Finally, it invites us to look at the ways in which contemporary confessional Lutheranism may be narrower than the Lutheranism of the reformers and of the period of orthodoxy. Bugenhagen does not seem to understand the Smalcald Articles’ dictum No Spirit apart from the Word the same way many of us do. Moreover, he ascribes a great deal more to the prayers of believers than many contemporary Lutherans seem to find comfortable. Finally, his insistence that the purpose of theology is for the comfort of the afflicted consciences of believers challenges our tendency to simplify theology into slogans designed to easily identify heresy.
Bugenhagen’s book opens up a number of discussions it would be useful for confessional Lutherans to have. But my main hope in writing the article was and is that his approach to the comfort of parents who have lost children before baptism would become more widely known among Lutheran pastors.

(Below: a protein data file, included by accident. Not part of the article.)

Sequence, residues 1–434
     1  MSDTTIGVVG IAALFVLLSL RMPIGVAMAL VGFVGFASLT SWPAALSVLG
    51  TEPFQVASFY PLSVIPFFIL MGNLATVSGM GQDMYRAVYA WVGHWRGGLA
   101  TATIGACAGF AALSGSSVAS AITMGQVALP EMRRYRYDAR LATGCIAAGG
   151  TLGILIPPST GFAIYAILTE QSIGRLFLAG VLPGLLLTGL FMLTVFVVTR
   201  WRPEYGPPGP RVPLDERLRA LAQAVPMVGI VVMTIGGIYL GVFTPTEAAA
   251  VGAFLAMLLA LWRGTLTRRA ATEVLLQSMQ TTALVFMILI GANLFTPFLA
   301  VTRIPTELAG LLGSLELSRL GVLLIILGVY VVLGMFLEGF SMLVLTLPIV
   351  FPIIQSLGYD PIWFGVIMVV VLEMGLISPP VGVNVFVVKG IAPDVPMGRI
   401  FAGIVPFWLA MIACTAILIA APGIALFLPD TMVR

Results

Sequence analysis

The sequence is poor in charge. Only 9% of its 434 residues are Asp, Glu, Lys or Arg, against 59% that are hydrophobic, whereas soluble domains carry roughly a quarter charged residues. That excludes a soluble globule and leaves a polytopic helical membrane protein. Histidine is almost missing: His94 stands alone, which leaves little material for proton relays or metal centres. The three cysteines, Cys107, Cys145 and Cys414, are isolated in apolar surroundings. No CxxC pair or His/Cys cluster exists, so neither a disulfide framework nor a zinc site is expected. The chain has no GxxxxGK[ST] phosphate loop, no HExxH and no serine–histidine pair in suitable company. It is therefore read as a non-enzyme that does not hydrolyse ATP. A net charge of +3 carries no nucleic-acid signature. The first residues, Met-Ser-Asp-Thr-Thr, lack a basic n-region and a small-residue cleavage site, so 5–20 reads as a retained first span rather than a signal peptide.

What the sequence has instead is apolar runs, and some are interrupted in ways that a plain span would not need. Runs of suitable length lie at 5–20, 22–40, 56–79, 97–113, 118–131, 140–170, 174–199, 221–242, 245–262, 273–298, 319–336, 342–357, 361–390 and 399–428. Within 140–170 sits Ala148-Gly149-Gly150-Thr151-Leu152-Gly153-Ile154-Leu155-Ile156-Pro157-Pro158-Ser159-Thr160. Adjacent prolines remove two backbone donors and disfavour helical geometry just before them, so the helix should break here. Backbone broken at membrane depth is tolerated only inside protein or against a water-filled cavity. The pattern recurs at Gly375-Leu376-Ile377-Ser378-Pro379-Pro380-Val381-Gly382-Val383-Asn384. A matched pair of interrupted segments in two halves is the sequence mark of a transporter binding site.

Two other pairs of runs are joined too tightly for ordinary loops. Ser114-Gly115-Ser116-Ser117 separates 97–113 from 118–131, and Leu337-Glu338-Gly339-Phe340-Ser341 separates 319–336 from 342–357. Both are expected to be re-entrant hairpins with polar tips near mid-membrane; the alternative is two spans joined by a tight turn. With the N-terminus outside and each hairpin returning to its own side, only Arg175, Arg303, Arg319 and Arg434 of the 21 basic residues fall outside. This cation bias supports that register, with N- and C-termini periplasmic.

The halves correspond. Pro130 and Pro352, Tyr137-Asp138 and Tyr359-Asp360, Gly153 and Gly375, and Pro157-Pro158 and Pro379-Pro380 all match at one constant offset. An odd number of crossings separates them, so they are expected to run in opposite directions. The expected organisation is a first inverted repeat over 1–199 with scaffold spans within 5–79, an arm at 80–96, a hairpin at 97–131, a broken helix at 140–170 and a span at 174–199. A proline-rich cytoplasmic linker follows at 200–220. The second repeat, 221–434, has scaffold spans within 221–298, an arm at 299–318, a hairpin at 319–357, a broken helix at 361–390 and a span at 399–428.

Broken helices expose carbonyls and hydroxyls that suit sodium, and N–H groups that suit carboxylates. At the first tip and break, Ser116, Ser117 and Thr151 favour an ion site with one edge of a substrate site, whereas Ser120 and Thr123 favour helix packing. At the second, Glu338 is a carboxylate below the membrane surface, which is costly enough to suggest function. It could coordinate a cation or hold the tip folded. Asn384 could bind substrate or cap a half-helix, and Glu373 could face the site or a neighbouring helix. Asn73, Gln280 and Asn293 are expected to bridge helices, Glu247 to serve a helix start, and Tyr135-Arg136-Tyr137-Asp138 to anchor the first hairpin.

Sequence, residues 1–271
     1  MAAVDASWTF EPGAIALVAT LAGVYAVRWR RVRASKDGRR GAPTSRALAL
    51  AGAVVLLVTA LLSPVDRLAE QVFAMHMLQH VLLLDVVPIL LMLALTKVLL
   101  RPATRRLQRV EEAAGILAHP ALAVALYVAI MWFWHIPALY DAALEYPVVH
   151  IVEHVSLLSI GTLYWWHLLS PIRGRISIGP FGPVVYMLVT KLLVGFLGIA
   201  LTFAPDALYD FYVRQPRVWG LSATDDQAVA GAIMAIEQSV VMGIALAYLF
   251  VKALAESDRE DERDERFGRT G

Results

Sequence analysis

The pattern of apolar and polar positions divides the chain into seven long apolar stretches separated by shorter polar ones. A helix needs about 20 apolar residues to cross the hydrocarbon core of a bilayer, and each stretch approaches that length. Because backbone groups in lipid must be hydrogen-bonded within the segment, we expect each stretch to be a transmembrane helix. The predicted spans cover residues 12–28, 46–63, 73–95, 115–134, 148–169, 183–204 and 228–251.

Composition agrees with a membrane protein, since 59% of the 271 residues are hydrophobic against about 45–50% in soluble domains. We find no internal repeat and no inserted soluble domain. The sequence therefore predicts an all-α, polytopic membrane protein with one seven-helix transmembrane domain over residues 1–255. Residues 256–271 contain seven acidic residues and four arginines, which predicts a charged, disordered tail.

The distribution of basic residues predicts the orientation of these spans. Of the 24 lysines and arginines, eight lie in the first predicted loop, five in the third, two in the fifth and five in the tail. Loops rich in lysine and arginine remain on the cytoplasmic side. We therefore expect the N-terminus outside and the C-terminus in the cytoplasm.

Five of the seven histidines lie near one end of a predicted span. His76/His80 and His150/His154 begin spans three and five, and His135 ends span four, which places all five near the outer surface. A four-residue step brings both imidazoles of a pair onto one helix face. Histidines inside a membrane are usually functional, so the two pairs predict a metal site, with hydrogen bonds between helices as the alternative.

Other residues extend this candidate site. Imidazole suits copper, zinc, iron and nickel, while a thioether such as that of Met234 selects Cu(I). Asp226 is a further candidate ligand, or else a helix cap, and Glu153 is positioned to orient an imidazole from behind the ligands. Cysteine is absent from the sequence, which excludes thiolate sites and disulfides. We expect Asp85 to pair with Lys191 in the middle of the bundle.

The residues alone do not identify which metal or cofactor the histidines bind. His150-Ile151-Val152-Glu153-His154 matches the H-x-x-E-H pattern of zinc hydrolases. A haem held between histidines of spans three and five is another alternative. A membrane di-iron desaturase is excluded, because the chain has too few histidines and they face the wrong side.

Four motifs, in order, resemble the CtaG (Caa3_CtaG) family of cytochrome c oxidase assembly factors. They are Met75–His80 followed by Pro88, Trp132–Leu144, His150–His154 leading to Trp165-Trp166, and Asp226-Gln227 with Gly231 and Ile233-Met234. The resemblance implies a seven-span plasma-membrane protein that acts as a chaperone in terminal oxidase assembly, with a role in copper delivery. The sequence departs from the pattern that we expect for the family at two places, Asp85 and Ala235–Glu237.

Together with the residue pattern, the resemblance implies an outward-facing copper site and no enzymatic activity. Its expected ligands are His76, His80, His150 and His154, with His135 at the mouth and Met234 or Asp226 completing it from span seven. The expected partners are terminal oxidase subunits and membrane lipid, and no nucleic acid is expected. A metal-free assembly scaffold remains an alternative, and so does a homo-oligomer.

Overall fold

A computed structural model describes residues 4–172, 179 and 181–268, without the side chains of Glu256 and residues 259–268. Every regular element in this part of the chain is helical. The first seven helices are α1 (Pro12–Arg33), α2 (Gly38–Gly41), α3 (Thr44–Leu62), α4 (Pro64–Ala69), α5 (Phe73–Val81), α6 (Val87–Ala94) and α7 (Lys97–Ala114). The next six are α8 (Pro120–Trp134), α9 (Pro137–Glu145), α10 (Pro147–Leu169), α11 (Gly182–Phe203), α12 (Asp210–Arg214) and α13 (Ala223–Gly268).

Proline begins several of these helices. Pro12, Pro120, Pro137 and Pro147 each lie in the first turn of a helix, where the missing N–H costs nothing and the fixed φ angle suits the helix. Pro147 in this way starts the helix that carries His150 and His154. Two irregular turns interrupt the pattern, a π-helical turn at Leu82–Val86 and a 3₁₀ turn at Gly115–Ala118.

Martin Luther, 1483-1546
from Ev. Luth. Gebets-Schatz
Lord Jesus Christ, please hurry and bring the blessed day when the hope of our glorious redemption shall be fulfilled. For you have called us to pray for this in the Lord’s Prayer: Thy Kingdom Come! Then, since you have commanded us to pray this, so also give us grace and help that we do pray it and in addition that we firmly believe that we will finally come to such glory. Grant also that the same joyful, blessed day of our redemption and glorification come soon, and that we may experience all that we now hear and believe in the Word. Amen.
This prayer was written in the 1600s, but it sounds like someone wrote it yesterday. From the Gebets-Schatz.